The anonymous author of Hebrews found different ways of describing the superiority of the Lord Jesus Christ. One of them, which forms the underlying motif of chapters 3 and 4, is that Jesus Christ gives the rest that neither Moses nor Joshua could provide. Under Moses, the people of God were disobedient and failed to enter into God’s rest (3:18). Psalm 95:11 (quoted in Hebrews 4:3) implies that Joshua could not have given the people “real rest” since “through David” God speaks about the rest he will give on another day (Heb. 4:7). This in turn implies that “There remains a sabbath rest for the people of God” (Heb. 4:9).

    In speaking of this rest (3:18; 4:1, 3-6, 8) the author consistently used the same word for “rest” (katapausis). Suddenly, in speaking about the “rest” that remains for the people of God, he uses a different word (sabbatismos, used only here in the NT) meaning specifically a Sabbath rest. In the context of his teaching, this refers fundamentally to the “Sabbath rest” which is found in Christ (“Come … I will give you rest,” Matt. 11:28-30). Thus we are to “strive to enter that rest” (4:11).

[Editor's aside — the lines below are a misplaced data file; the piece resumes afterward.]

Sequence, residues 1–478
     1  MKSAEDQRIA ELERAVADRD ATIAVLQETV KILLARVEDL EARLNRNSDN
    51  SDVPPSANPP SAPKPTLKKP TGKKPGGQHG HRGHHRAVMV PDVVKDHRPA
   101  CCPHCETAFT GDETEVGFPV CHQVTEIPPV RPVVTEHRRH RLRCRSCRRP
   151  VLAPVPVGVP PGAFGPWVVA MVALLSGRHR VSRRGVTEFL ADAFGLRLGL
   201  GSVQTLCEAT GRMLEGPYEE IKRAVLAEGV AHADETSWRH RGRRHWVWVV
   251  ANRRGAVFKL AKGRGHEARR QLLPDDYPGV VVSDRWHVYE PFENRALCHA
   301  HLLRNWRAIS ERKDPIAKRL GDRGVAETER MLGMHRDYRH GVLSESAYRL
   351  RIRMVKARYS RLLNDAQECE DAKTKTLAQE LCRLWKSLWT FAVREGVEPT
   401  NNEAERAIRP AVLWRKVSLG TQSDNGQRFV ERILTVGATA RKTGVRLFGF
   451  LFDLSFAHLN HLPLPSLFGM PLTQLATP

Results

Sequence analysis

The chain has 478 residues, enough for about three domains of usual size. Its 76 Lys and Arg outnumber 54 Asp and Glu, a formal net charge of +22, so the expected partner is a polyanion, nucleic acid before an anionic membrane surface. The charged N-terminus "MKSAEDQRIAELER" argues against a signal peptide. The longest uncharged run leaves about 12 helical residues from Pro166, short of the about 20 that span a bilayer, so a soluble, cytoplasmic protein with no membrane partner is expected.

Since Augustine, Christians have recognized that the Bible describes human experience in a fourfold scheme: in(i) creation, (ii) fall, (iii) redemption and (iv) glory. We are familiar with echoes of this in the Westminster Confession of Faith (chapter 9) and in Thomas Boston’s great book Human Nature in its Fourfold State. It is no surprise then that the Sabbath, which was made for man, is experienced by him in four ways.

    In creation, man was made as God’s image—intended “naturally” as God’s child to reflect his Father. Since his Father worked creatively for six days and rested on the seventh, Adam, like a son, was to copy Him. Together, on the seventh day, they were to walk in the garden. That day was a time to listen to all the Father had to show and tell about the wonders of His creating work.

    Thus the Sabbath Day was meant to be “Father’s Day” every week. It was “made” for Adam. It also had a hint of the future in it. The Father had finished His work, but Adam had not.